For example, the right wing New York Post owned by Australian magnate Rupert Murdoch has seen double digit growth in each of the last three years with a daily circulation over 680,000 and is the seventh largest newspaper in the United States. [Comment: But as Nedra Pickler would say, the author failed to point out that the New York Post is bleeding US$40 million a year in losses with no end in sight. The New York Post was never intended to be a profitable business, so you go figure out the motives of Rupert Murdoch. By the way, Murdoch the Australian had to become a naturalized American citizen in order to own newspapers and television stations in the same market. As for the circulation increases, this is not necessarily a good thing. Everybody knows how to increase circulation (quick hint: you give it away for free!), but this is not the same as making money. In New York City, I get constant telephone calls for free four-week trial subscrtipions to newspapers. If I accept, then the newspaper will incur losses for four weeks. Close to 100% of those who get the trial subscription will cancel, so the actual campaign will get only a few subscribers in the end. Subscriber acquisition is expensive. Newspapers are also priced to lose money. For every copy sold, the price of the newspaper covers about half the cost. So the more copies you sell, the more money you lose. In theory, the profit comes from advertisement sales. When you can't sell ads, you are in economic trouble. And your ad sales are a function of the quantity as well as the quality of your newspaper. The New York Post readers are qualitatively 'undesirable' whereas the New York Times readers are the advertisers' dream targets. Just ask, where would you see a Gucci ad?] The conservative Wall Street Journal increased circulation by 16% to reach a daily circulation of 2,090,000 to become the largest circulation weekday newspaper among serious media in the United States. That newspaper also has an electronic edition available at US$79 per year with 680,000 subscribers, of which 280,000 paid a full year's subscription at a time. Although USA TODAY has a circulation that is larger than the Wall Street Journal, it is mostly distributed for free at hotels and its content is tabloid-like and therefore it is not considered to be a serious newspaper. [Comment: As Nedra Pickler would say again, if USA TODAY is not a member of 'serious media', then where would the writer place the rag known as the New York Post? Personally, at my NYC office, I am expected to read the New York Times, I can be forgiven for reading USA TODAY but I would be laughed at if I open a copy of the New York Post. The other point here is that people read the Wall Street Journal mostly to get business information; it will be extremely rare to find someone reading the Wall Street Journal only for its politics.]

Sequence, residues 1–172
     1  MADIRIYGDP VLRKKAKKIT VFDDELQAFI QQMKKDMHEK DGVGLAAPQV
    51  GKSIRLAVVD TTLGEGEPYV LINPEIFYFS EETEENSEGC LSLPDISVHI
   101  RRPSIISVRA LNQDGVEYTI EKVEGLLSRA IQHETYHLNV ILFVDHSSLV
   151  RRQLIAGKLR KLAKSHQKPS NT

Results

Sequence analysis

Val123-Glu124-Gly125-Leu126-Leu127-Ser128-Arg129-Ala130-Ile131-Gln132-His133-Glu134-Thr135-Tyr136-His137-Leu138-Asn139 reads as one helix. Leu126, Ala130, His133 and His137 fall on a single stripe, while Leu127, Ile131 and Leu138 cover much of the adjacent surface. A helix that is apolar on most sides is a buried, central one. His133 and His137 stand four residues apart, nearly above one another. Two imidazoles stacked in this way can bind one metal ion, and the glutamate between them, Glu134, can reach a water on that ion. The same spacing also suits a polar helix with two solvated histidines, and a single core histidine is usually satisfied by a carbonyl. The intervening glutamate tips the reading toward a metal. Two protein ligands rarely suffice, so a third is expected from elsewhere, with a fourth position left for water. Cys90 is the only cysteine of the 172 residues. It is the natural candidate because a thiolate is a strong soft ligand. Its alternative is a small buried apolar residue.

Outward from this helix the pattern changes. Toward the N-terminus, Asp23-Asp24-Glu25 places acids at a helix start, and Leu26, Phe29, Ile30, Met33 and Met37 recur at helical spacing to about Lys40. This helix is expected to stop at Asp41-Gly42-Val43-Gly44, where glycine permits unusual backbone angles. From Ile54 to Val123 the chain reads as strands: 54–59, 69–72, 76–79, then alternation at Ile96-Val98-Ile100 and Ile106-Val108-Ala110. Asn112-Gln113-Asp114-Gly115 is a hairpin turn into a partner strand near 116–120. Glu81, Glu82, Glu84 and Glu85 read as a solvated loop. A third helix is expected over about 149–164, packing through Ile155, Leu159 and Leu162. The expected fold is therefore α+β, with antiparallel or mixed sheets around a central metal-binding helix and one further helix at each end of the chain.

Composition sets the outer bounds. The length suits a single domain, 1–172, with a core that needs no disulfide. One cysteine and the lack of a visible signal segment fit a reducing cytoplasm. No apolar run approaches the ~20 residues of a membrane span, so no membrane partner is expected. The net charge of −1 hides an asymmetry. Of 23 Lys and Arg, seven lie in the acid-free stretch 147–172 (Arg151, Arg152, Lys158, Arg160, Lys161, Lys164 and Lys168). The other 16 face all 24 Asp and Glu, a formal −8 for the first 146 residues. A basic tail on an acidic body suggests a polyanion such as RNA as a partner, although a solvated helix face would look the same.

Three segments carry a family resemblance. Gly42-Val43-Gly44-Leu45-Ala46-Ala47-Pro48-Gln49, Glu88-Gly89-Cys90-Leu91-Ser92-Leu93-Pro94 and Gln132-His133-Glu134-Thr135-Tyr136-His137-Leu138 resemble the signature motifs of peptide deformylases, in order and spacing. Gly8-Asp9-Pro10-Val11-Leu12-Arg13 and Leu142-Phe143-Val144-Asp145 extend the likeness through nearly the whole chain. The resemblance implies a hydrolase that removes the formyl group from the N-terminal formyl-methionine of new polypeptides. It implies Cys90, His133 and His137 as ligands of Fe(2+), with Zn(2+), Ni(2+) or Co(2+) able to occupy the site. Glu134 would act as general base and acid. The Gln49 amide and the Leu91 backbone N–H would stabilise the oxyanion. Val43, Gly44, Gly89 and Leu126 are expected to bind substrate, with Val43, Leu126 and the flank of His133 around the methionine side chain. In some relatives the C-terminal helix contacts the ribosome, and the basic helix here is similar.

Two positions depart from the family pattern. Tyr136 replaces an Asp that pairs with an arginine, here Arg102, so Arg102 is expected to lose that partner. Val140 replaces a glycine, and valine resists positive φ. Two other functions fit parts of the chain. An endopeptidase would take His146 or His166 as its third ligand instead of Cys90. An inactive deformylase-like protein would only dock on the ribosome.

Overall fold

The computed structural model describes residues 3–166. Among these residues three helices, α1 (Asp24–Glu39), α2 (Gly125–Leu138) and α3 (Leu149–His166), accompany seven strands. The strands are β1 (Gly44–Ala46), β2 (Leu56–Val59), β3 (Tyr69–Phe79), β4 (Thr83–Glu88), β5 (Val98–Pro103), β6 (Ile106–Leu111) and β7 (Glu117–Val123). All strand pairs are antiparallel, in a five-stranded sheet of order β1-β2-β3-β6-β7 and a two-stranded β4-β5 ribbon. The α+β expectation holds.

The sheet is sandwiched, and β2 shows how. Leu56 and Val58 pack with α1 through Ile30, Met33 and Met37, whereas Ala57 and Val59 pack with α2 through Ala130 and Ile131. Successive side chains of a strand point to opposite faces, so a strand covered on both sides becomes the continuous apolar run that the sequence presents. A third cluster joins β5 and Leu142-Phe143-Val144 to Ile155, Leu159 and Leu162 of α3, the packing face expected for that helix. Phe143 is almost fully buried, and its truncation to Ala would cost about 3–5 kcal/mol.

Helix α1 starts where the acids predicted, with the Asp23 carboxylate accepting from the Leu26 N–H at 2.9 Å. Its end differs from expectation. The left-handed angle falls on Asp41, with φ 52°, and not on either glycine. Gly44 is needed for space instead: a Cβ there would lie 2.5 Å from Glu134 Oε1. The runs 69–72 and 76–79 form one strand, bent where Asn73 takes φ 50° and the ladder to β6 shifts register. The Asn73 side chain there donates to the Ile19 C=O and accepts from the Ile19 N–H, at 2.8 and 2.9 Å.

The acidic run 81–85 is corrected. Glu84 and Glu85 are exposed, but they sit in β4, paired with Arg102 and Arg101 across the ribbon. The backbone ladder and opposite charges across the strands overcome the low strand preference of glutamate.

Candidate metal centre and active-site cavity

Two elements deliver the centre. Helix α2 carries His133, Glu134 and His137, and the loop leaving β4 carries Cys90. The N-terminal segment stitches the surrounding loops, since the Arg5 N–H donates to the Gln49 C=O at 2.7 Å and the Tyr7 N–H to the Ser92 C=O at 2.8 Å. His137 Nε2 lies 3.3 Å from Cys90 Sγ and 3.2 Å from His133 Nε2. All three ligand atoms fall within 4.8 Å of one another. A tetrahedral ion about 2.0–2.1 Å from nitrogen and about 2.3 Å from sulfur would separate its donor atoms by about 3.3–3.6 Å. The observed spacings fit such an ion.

According to patterns of news coverage, whenever there is some major event such as 9/11 or the war in Iraq, media audience and circulation should rise because people are more interested in news. But the leftwing newspapers and television stations were ideologically against the war in Iraq, so that their circulation dropped. [Comment: Could it that this writer has never heard of Judith Miller of the New York Times? She may have caused the whole war by herself. Or better yet, read Amy Goodman interviewing Ted Koppel on Democracy Now.] For example, the world-famous New York Times only increased slightly by 0.27% in the first half year to a total of 1.12 million, or just a bit more than half of the circulation of the Wall Street Journal. [Comment: But the author failed to mention that the Wall Street Journal only publishes on weekdays, whereas the New York Times' biggest circulation day occurs on Sunday where it is double its weekday circulation. In addition, the number of readers per copy for the Wall Street Journal is 1.1 whereas the New York Times has more than 2 readers per copy. Advertisers buy reader eyeballs, and not printed copies.] The Washington Post lost 3% in circulation down to 770,000. [Comment: The author prefers not to discuss the ultra-conservative Washington Times, aka the Moonie Times, which is a poor excuse for a newspaper, serious or otherwise. This is yet another major money-losing business that is published by the Reverend Sun Myung-moon for motives that you have to figure out for yourself.] The Los Angeles Times dropped 1% down to 950,000.